40 Times Earth’s Animals Created Nightmares

By Joe Burgett
40 Times Earth’s Animals Created Nightmares

There are a ton of amazing and beautiful animals all over the world today. However, just like humans, some are more dangerous than they would appear; some of the deadliest are the ones you’d least expect. As far as ranking the most dangerous animal, sometimes it is difficult to compare- much like apples and oranges. However, the best rule to stick to around animals: be cautious and never put yourself in a dangerous situation with a wild animal. Even if it looks small or cute, it can still be dangerous. This is especially true in the wild. While being around a random house cat usually won’t be an issue, the opossum outside might be good to stay away from.

The question for most might be, well what are the most dangerous animals? Which should we stay away from the most? What animals kill more people than others each year? These are the questions we will try to answer in this list as we count down the deadliest animals on Planet Earth today. Note: we did not include several animals, including humans, deer, tapeworms, and hyenas. While “animals” such as humans are clearly one of the most dangerous, we thought we would stick to some unknowns. It is important to note that deer are responsible for several deaths a year, 90% of those being car accidents.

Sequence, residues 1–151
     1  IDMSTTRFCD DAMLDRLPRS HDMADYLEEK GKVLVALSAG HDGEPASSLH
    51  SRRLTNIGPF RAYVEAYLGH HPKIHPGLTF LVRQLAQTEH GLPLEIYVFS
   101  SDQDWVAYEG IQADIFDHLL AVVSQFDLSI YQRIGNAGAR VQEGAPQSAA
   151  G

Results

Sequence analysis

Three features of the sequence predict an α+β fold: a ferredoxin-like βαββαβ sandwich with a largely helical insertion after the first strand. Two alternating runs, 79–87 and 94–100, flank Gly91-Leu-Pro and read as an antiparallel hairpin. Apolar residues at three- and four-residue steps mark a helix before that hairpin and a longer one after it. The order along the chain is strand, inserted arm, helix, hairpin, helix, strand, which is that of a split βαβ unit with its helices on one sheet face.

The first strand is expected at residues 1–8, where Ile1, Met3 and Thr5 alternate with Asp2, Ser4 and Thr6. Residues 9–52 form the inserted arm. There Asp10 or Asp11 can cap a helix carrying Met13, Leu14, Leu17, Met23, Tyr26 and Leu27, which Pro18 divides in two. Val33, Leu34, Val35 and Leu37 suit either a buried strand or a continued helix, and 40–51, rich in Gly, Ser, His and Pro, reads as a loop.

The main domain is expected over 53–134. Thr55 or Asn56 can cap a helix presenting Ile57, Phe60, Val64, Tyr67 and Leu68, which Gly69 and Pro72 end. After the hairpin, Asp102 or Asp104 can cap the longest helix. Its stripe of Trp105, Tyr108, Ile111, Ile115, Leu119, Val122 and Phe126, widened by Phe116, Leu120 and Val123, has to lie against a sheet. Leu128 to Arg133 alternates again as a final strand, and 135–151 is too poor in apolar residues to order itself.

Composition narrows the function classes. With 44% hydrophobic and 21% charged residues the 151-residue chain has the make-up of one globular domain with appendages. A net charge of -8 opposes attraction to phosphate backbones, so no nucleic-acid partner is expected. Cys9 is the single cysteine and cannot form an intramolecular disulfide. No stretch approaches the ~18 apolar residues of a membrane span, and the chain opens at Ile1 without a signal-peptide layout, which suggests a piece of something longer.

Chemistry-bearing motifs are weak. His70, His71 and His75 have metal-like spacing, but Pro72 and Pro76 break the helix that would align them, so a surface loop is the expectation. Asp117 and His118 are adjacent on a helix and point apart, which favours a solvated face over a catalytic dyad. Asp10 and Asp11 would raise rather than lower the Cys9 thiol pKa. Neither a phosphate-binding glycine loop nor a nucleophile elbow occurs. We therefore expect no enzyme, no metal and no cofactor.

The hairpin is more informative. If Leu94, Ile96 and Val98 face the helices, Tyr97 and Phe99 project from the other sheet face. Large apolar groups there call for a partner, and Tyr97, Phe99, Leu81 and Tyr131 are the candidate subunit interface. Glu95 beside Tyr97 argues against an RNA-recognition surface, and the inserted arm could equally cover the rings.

[Image via Thailand Liveaboards]

40. Stonefish

Death Count: Rare

Why They Kill Humans: Territorial Reasons

Food Source: Fishes & Crustacea

Location: Most Commonly North Australia

The Stonefish is quite unlike other fish (even those it bears similarities to). It is the most venomous fish in the world, but it does not use its venom to hunt; they do well without it. However, they use their venom for something better: to protect themselves from predators. The Stonefish already has perfect camo to keep it out of the eyesight of most predators.

Photo Credit: Ocean Conservancy

However, their venom gives them a much better chance of survival. Humans may come across them, but neither seek the other out. If they do sting a human, a full-grown adult can die in around 1 hour. If you get to a hospital quick enough, you’ll be okay. That’s why the death count is low. Yet their ability to kill is certainly worth mention.